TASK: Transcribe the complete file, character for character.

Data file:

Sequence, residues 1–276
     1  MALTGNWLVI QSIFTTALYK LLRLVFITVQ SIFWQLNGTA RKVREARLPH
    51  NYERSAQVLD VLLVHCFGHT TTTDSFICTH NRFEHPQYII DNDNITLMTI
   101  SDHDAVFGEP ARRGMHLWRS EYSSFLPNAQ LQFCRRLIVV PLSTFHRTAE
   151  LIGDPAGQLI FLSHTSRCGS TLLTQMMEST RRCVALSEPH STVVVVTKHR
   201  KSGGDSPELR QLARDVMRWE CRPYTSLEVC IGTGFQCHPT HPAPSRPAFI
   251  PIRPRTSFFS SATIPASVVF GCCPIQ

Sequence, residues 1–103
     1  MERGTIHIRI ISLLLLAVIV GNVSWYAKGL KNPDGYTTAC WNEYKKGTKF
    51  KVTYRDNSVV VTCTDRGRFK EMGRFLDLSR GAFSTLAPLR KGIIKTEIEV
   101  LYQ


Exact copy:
Sequence, residues 1–276
     1  MALTGNWLVI QSIFTTALYK LLRLVFITVQ SIFWQLNGTA RKVREARLPH
    51  NYERSAQVLD VLLVHCFGHT TTTDSFICTH NRFEHPQYII DNDNITLMTI
   101  SDHDAVFGEP ARRGMHLWRS EYSSFLPNAQ LQFCRRLIVV PLSTFHRTAE
   151  LIGDPAGQLI FLSHTSRCGS TLLTQMMEST RRCVALSEPH STVVVVTKHR
   201  KSGGDSPELR QLARDVMRWE CRPYTSLEVC IGTGFQCHPT HPAPSRPAFI
   251  PIRPRTSFFS SATIPASVVF GCCPIQ

Sequence, residues 1–103
     1  MERGTIHIRI ISLLLLAVIV GNVSWYAKGL KNPDGYTTAC WNEYKKGTKF
    51  KVTYRDNSVV VTCTDRGRFK EMGRFLDLSR GAFSTLAPLR KGIIKTEIEV
   101  LYQ